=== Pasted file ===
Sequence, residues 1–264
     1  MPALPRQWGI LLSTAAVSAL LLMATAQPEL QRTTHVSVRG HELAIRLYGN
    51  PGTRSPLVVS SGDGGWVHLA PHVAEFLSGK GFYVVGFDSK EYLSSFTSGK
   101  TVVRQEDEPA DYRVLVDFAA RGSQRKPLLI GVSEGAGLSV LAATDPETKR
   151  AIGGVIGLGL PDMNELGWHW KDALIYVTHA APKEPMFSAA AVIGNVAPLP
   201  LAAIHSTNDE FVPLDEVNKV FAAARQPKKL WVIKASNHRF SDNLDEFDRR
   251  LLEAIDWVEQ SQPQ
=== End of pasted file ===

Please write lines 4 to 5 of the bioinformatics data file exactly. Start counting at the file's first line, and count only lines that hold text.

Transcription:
   101  TVVRQEDEPA DYRVLVDFAA RGSQRKPLLI GVSEGAGLSV LAATDPETKR
   151  AIGGVIGLGL PDMNELGWHW KDALIYVTHA APKEPMFSAA AVIGNVAPLP